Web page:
I’m back after a much longer than anticipated blog hiatus. In all honesty, I actually hoped to write a little more this year and not make this solely a book blog…you know, get back to where I started. Life just keeps getting in the way, and not just busy work things. My sister had a baby and I want to see him every chance I get. I stayed up way too late through most of February watching the Olympics so my reading and writing time took a pretty big hit.
In an attempt to get back into a routine, I figured I’d start by sharing the 13 books I’ve read so far this year. [Yes, I’m a bit behind schedule if I am going to hit 100 again this year, but I am giving myself grace and *only* set a goal of 75 this year anyway.]
Here they are, in the order I read them, with a very, very brief description and my grade rating.
Mindset: The New Psychology of Success (Carol Dweck) – I love the content of this book so much I am giving a presentation on it to other school staff this week. However, I give the book itself a C, only because I could have done without so many anecdotes. I found the book to be a bit boring and redundant, but I think it has a great message.
The Witches: Salem, 1692 (Stacy Schiff) – I picked this one up because I find this period of history fascinating, but this book didn’t give me what I wanted. It is well researched, but far too technical than I wanted. If anyone has a recommendation for a historical fiction novel set in the same time/place, I’d love to hear it. Grade: C
This is How it Always Is (Laurie Frankel) – An engrossing and charming story of a family with a secret. Frankel navigates a highly charged topic with love, humor, and sensitivity. I really enjoyed this one. Grade: A
White Trash: The 400 Year Untold History of Class in America (Nancy Isenberg) – if you’re looking for a macro-lense view of the Hillbilly Elegy story, read this. Grade: B
In Bloom: Trading Restless Insecurity for Abiding Confidence (Kayla Aimee) – I have a love/hate relationship with the Christian women memoir genre, but this one is pretty good. It doesn’t have any glaring theological errors and offers encouragement. Kayla Aimee is a good storyteller and made me laugh more than once. Grade: B
Generous Justice: How God’s Grace Makes Us Just (Timothy Keller) – I do not and will never grade a Keller book, so I will just say that this one resonated with me in many ways and I will probably pick it up again in the near future. As an Enneagram 1, justice is a topic I am passionate about, and I appreciated what he had to say.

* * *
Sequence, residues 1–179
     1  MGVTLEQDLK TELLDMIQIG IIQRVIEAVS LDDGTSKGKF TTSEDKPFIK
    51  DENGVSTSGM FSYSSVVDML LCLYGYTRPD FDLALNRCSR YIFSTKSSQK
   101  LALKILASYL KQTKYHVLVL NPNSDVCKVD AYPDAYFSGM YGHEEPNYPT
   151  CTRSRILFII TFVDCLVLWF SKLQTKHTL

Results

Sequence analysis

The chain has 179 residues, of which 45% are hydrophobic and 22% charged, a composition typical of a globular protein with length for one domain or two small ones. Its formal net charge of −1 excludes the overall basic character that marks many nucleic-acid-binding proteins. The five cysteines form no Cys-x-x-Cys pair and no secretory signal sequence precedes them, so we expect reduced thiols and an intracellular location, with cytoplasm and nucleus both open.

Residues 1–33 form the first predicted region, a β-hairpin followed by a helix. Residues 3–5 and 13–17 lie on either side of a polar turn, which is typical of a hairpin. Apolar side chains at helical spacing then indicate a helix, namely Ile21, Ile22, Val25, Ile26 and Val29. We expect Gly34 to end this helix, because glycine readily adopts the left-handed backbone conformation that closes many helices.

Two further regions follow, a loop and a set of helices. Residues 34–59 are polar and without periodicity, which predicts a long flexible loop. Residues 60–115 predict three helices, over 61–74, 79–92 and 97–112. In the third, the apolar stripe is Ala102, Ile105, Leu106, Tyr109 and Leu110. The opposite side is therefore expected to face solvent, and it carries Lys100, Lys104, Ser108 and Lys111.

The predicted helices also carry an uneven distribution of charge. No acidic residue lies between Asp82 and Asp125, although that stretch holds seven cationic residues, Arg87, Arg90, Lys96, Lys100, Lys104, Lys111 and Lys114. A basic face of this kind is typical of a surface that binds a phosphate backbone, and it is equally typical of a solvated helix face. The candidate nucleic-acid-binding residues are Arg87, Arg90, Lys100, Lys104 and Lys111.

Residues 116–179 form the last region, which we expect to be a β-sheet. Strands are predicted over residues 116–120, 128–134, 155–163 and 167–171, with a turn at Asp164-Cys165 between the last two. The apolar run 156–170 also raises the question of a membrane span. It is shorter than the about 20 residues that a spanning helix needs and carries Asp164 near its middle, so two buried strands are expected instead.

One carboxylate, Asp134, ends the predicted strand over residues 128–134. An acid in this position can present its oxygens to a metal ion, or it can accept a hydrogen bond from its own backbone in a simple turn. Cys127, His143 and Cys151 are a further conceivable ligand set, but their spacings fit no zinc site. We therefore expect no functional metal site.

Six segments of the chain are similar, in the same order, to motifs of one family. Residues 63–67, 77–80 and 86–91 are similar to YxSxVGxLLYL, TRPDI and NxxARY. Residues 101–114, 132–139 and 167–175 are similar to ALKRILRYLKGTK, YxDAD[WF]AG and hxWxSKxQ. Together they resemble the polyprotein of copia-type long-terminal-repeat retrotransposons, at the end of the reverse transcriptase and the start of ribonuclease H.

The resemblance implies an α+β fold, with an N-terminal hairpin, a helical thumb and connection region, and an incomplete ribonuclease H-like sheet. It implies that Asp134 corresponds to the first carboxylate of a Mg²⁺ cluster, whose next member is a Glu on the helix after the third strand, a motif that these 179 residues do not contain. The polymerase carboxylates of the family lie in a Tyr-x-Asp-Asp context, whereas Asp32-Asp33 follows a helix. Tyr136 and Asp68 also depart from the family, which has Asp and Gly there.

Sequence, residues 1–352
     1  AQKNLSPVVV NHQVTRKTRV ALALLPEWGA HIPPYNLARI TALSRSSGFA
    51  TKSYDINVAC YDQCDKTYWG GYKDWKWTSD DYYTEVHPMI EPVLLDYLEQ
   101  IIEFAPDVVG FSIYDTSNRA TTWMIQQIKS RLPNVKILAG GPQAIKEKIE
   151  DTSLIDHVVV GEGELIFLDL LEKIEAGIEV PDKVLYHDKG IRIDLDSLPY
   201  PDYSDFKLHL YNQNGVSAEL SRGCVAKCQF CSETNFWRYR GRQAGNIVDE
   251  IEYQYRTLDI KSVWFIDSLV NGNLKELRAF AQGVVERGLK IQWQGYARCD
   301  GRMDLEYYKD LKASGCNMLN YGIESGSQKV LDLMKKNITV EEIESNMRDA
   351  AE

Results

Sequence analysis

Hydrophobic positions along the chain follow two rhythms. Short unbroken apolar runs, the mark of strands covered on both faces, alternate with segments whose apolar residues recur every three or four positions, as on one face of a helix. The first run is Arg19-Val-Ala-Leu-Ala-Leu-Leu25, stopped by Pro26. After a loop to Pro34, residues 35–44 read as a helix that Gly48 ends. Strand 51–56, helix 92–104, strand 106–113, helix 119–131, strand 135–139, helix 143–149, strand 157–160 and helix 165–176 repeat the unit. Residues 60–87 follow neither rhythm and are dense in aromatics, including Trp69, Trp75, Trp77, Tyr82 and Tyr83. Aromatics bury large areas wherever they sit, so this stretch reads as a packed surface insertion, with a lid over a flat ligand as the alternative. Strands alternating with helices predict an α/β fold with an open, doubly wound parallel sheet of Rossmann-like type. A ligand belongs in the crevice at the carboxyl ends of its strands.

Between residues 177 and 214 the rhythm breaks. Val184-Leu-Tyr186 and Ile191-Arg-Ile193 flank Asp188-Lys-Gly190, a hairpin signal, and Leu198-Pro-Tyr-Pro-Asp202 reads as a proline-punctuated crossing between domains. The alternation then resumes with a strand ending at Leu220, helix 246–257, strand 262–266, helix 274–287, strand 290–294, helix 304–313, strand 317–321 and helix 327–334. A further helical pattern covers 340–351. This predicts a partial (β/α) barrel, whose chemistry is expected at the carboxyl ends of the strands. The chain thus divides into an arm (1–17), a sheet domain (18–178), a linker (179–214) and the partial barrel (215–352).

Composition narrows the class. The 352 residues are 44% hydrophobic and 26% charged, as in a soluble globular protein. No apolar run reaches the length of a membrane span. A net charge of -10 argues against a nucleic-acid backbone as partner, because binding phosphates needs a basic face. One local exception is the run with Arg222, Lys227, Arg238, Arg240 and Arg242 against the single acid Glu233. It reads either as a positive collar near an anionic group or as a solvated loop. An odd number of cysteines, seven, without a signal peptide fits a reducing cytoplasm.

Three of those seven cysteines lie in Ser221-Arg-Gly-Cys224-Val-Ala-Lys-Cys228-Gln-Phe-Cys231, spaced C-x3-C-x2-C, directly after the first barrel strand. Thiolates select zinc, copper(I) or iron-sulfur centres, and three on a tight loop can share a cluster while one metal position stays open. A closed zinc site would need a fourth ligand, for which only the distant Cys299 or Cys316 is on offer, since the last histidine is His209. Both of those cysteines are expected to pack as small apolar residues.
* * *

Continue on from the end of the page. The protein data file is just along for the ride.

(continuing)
If You Only Knew: My Unlikely, Unavoidable Story of Becoming Free (Jamie Ivey) – Another Christian woman memoir — but this is the best one I’ve read in a while. Jamie preaches fire and the last chapter alone is worth buying this book for. We need more books like this one. Grade: A.
The Girl with Seven Names: A North Korean Defector’s Story (Hyeonseo Lee) – In anticipation of the Olympics, I read this autobiography of a young woman who escaped from North Korea. This broke. my. heart. I don’t know what else to say. If you aren’t much of a reader, you can watch her TEDtalk here. Grade: A
Turtles All the Way Down (John Green) – this is young adult fiction at its finest. I started this one on a Friday night and finished it the next morning. A bit simplistic (compared to a book geared toward adults) but charming nonetheless. Grade: B+
Still Me (Jojo Moyes) – This is the third in the series that began with Me Before You. In Still Me, we get what I think is the conclusion of Louisa’s story. I liked this book, but if you haven’t read the first two, I wouldn’t bother. If you did, you will probably appreciate the closure. Grade: B-
The Path Between Us: An Enneagram Journey to Healthy Relationships (Suzanne Stabile) – a straightforward reference guide to the enneagram. I love reading about personality typing systems so I enjoyed it. If you aren’t familiar with the enneagram and it’s nine types, or aren’t sure of your own type, there are other books I would recommend you read first. Grade: B
Killers of the Flower Moon: The Osage Murders and the Birth of the FBI (David Grann) – I had a hard time staying engaged in this book, but think it was because I was trying to read it during a time when I really needed a fast-paced work of fiction. This is actually a very well-written and well-researched book that I will probably reread this summer. Grade: B- (for now…)
As Bright As Heaven (Susan Meissner) – Philadelphia. 1918. The Great War rages on and the Spanish Flu wreaks havoc all over the world. This is a beautiful, touching story of one family’s journey in a life-changing summer. I loved this one. Grade: A+
That’s what I’ve read so far. I will post again with a March recap in about a month.
What have you been reading lately?